blog header

5 Ways to Know If It's Time to Quit Your Job

Although you don't want to quit your job at the first sign of trouble, there comes a time when enough is enough. How do you know the answer to the age old question, "Should I stay or should I go?"

quit your job 

(Photo Credit: José Martín Ramírez Carrasco via Unsplash)

First things first: Do not quit your job without having another job lined up. We'll repeat that, because it's important. As hilarious and cathartic as it is to watch funny videos of people doing interpretive dances as a means of quitting their jobs, you do not want to join them. You can't pay the electric bill with 15 minutes of YouTube fame.

That said, there are a couple of indicators that you want to start lining up your next gig. Among them:

1. You're depressed.

If you now find it hard to get excited about the parts of your job you used to enjoy -- or worse yet, feel the same sense of meh about your hobbies outside of work -- it's time to make an alternate plan. The sooner, the better. The longer you're blue, the harder it is to motivate yourself to do something about it. (Need help? WebMD has a roundup of resources here.)

2. Your physical health is suffering.

Constant stress isn't good for the body. If you notice your health taking a turn for the worse, especially if you're under intense pressure on a daily basis, start looking for your next job.

3. You feel like the odd person out.

You don't need to be best friends with your co-workers, but if you have nothing in common, you're not going to enjoy your time at the office. And since most of us spend the bulk of our waking hours working, that's pretty important.

4. You hate the boss.

Do you feel like the boss has your back? If not, it's hard to trust him or her with your questions and concerns. That's bad for both your long-term career path and your short-term happiness.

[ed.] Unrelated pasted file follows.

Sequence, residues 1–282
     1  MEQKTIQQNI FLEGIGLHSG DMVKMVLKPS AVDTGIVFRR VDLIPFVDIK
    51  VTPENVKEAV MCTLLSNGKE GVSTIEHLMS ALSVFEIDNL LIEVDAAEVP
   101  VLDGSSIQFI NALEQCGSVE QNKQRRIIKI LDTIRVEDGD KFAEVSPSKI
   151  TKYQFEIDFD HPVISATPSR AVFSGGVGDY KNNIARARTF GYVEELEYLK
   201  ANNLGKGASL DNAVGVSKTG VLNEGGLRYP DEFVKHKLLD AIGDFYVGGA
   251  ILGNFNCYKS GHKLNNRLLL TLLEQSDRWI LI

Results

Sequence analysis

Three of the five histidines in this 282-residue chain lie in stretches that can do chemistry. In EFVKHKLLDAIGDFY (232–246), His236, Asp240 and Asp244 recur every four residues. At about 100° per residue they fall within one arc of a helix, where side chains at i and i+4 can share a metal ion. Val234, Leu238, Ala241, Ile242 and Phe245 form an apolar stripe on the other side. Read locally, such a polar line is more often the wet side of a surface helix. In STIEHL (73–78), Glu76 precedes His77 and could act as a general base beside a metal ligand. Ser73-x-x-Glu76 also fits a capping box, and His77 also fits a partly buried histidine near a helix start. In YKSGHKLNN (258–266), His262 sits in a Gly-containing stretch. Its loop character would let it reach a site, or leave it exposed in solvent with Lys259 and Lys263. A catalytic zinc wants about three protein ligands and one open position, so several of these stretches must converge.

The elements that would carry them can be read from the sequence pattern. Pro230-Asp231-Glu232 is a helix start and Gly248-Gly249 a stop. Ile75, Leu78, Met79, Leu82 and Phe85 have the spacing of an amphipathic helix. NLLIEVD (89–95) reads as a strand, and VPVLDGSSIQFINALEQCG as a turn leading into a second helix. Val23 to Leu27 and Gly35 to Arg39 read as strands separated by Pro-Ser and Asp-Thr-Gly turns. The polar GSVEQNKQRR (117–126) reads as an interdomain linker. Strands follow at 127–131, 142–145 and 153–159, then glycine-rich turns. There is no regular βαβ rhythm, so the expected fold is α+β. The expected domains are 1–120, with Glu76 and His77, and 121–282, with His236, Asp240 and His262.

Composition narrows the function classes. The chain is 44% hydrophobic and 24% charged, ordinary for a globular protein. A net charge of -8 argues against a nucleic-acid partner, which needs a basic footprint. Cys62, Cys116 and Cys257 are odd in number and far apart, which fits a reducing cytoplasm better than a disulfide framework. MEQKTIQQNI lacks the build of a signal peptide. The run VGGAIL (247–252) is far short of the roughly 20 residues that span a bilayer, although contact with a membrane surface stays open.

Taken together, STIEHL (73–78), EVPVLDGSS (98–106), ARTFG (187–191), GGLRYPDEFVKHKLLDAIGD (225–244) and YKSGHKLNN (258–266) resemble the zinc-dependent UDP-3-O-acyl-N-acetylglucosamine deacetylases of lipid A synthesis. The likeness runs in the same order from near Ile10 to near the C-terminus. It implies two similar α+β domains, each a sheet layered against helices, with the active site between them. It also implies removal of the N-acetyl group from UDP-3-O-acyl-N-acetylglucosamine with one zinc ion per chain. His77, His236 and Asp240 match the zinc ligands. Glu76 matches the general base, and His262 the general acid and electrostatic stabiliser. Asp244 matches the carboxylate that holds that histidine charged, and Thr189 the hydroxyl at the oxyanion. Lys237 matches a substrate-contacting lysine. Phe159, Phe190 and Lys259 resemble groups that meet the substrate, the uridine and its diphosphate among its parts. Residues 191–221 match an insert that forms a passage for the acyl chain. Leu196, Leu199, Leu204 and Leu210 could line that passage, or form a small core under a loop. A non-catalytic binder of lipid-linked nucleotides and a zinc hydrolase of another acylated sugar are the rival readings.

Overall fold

5. You don't have much respect for the company or its products.

Your company doesn't have to be working on a cure for cancer, but if you don't believe in what you're doing, you're not going to be good at it for very long. The product or service is less important than how you feel about it. You deserve to feel passionate about what you do. If your current job doesn't fit the bill, start thinking about ones that will.

Tell Us What You Think

How do you know when it's time to quit? We want to hear from you! Leave a comment or join the discussion on Twitter.


  1. 8 mRivera 27 Jun

    I like my company. The pay and benefits are well above industry standard, and I like my bosses. The problem? My 3 co-workers are the most unpleasant, insufferable people I ever worked with. They are workplace bullies who are hypercritical of everything I do. I have been here 5 years and I have a strong hunch they wanted to hire another applicant in my place and have been trying to get me fired or quit ever since I started. In spite of their efforts, I always got excellent performance evals from my boss. The only reason I stay is that I'm just 2-3 years from retirement so I'm determined to stick it out until then.